Be Careful What You Wish For...

Last year I made a vision board for who I am and how I feel when I express my creativity. I had devoted 2010 to my Core of Peace, and I was setting a new intention for 2011. I didn't know exactly HOW my creativity would be expressed. But by making the vision board I connected with images and words that captured how I knew it would FEEL to be in that place of expression.

I let go of the HOW, because I didn't - and couldn't - know at the time what the exact steps would be.

I breathed deeply into the feelings of my own creativity, and allowed images to attract me without needing an explanation or a meaning or a concept. They were just images that I loved, for no "reason" at all.

Here is the vision board I made:

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I have it as the wallpaper image on my laptop, so every time I open my computer, the images enter my consciousness. Most days, I don't sit and deliberately stare at every image on my screen, but I know they are there.

I haven't thought about that vision board in many months. I have gone about the business of living, of staying in my Core of Peace, of letting some things go, and picking up other things, of planting seeds and watching them grow, all the while noticing that I cannot force growth to happen any faster than it already is.

Last night I looked at it again.

It was with a sense of amazement that I noticed how many of the images had actually come into my reality during 2011. In other words, my visions had come true!

While I was holding the intention to express more of my creativity in 2011, I lived by the mantra, "First Feel Free." The actions that resulted from that feeling included walking away from a commercial lease, and six months after that, downsizing my belongings by about eighty percent and moving out of my two-bedroom, two-bathroom apartment, and into my boyfriend's two-bedroom, one-bathroom house, with a kitty and a big backyard.

We started a vegetable garden.

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We climbed to the top of Half Dome in Yosemite, after months of training with progressively longer hikes every weekend.

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I fell in love with the outdoors, and discovered a new interest (er, obsession) in backpacking.

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I also fell in love with spoken word, and began accompanying poets with live violin improvisation during their readings.

I accompanied a dear friend on violin while she sang her heart out in a burlesque show, observing the self-empowerment potential for women to love (and even flaunt) their own bodies exactly as they are.

Our band, Chinese Melodrama, stumbled into a new niche combining our love of supporting local businesses and the taste of wine, by providing music at local winery and wine bar events.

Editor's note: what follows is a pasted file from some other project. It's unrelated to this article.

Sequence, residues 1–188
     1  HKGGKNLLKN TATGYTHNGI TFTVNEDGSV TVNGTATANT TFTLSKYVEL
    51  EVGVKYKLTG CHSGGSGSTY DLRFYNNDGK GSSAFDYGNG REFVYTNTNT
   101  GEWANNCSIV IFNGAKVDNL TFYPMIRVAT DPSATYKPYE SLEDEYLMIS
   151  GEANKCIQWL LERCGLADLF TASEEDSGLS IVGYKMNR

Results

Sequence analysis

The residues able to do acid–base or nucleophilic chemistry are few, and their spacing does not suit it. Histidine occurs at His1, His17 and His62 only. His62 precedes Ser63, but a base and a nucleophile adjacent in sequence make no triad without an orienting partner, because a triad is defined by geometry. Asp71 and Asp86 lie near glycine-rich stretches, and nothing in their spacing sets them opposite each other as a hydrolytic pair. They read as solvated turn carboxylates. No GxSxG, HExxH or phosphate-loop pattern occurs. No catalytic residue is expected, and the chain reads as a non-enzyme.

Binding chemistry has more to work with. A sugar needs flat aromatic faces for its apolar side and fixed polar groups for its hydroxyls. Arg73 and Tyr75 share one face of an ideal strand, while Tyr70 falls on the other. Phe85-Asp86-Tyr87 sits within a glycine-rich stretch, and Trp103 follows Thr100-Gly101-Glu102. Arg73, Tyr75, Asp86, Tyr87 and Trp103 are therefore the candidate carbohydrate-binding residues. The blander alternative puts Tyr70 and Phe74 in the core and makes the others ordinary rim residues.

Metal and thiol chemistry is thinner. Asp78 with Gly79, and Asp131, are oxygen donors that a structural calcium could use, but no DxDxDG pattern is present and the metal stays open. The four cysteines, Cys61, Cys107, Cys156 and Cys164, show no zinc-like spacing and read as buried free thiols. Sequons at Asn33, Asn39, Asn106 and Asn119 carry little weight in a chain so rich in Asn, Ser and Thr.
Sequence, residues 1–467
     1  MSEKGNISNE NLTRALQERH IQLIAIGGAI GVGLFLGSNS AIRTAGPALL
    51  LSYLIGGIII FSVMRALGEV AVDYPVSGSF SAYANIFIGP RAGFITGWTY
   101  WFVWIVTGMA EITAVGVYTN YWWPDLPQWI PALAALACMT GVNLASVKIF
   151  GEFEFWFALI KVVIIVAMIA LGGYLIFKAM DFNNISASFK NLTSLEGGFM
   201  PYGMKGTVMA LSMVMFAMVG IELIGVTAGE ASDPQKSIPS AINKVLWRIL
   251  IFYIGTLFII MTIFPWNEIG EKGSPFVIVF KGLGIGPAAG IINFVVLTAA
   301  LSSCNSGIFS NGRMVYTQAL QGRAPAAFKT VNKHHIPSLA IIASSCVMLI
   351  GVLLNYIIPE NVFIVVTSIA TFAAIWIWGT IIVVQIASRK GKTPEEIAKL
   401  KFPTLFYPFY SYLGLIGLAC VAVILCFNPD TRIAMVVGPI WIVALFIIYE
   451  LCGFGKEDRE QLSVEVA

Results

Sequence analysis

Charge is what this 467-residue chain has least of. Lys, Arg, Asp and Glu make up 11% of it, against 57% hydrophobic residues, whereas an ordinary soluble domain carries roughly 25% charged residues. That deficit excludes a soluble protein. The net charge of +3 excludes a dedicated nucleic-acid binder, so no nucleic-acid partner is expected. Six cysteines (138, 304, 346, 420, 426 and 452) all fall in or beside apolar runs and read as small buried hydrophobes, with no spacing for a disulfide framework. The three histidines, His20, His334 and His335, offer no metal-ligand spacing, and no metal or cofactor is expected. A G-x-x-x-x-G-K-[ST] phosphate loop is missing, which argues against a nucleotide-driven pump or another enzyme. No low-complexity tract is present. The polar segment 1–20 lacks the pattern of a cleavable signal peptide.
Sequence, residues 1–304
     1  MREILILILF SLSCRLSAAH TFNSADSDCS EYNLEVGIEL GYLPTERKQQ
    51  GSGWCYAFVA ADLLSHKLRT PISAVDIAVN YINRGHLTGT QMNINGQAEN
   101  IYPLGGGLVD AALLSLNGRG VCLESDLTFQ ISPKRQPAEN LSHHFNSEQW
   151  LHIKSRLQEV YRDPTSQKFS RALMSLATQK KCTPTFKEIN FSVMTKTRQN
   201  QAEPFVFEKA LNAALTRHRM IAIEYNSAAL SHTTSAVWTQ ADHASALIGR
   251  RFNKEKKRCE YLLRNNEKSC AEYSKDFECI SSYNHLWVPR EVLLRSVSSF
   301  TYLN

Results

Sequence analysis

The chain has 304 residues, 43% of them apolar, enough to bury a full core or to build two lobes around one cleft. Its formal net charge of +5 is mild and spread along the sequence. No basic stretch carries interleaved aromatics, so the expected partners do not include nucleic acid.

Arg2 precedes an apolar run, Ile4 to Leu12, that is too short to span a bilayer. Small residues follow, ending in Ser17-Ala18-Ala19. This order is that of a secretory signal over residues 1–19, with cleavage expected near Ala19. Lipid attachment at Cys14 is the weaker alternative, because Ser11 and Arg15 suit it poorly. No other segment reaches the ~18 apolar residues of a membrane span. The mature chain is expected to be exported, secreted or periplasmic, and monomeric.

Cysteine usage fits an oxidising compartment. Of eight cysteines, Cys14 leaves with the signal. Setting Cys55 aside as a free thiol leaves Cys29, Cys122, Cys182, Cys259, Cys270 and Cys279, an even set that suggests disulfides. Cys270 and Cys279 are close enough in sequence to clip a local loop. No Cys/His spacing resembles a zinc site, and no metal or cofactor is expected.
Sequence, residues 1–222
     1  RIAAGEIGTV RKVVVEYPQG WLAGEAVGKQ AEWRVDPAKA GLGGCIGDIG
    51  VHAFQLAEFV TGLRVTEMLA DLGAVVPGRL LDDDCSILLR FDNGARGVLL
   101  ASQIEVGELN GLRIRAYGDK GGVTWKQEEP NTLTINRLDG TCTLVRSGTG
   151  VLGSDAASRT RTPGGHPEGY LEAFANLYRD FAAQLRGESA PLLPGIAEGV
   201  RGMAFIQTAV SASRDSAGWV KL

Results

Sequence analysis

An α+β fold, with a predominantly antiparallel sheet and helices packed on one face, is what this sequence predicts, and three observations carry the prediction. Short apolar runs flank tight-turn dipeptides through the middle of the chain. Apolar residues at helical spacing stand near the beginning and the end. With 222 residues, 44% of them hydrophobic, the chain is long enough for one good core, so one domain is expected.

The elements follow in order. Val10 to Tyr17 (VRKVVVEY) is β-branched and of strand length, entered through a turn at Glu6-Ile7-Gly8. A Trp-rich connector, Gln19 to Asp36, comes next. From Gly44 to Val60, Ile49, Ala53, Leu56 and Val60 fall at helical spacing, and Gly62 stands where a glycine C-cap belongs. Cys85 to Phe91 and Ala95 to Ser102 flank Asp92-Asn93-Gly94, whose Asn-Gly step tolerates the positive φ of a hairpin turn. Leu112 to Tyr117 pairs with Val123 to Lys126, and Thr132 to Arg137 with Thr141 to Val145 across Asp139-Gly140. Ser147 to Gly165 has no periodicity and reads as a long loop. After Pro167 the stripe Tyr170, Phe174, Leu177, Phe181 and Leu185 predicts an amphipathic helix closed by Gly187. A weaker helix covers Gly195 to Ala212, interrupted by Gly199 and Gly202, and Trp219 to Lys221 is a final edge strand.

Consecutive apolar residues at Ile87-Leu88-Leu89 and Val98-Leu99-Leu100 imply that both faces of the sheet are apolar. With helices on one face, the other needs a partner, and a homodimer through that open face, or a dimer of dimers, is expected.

I got so busy living that my writing and videoblogging could no longer keep pace with the rate at which I was accumulating experiences. I let go of my need to report on every single learning and observation I had about the world, and began to just fully soak in the experience.

Meanwhile, another dream came true, with the opening of a brand new yoga and healing arts studio just a few blocks away from my new home. It was also another example of letting go of my grief over "not having a yoga studio anymore" and allowing the magic of life to arrive at my doorstep. I now find myself on the roster of musicians for the Sunday evening yoga and healing sound classes (starting in September, I'll be playing the second Sunday of every month), and working with the studio to coordinate events with my community of healing artists, musicians, and poets.

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Looking back at my vision board, I can count the images that have arrived in my reality since that day last year. I have found myself in the woods, on the top of mountains, at the rocky shores of the ocean, standing in awe of a sunset, opening my arms to the expansiveness of the sky, praising the stillness of the forest, celebrating my own beauty, and playfulness, and togetherness with a companion.

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All of this, once just a vision, is now my reality. All of this is who I am and how I feel when I express my creativity, letting go of the HOW and opening to the expansive mysteries of the earth and life.

The old saying goes, "Be careful what you wish for."

I say, "Be bold about what you wish for."

And brace yourself. Because you just may get it.





Original versus Cover Songs: So what's all the fuss about?

[singlepic id=253 w=320 h=240 float=center] One of the interesting versions of partisan politics I've noticed since joining the local open mic scene is between two apparently opposing camps in the music scene - those who play "original" songs versus those who play "covers". "Covers" is a term, uttered either under one's breath with a hint of shame (by the people playing them) or with a distinct tone of disdain and perhaps a spray of saliva on the "c" sound just for emphasis (by those staunch supporters of playing only originals), used to designate music composed by someone other than the performers themselves.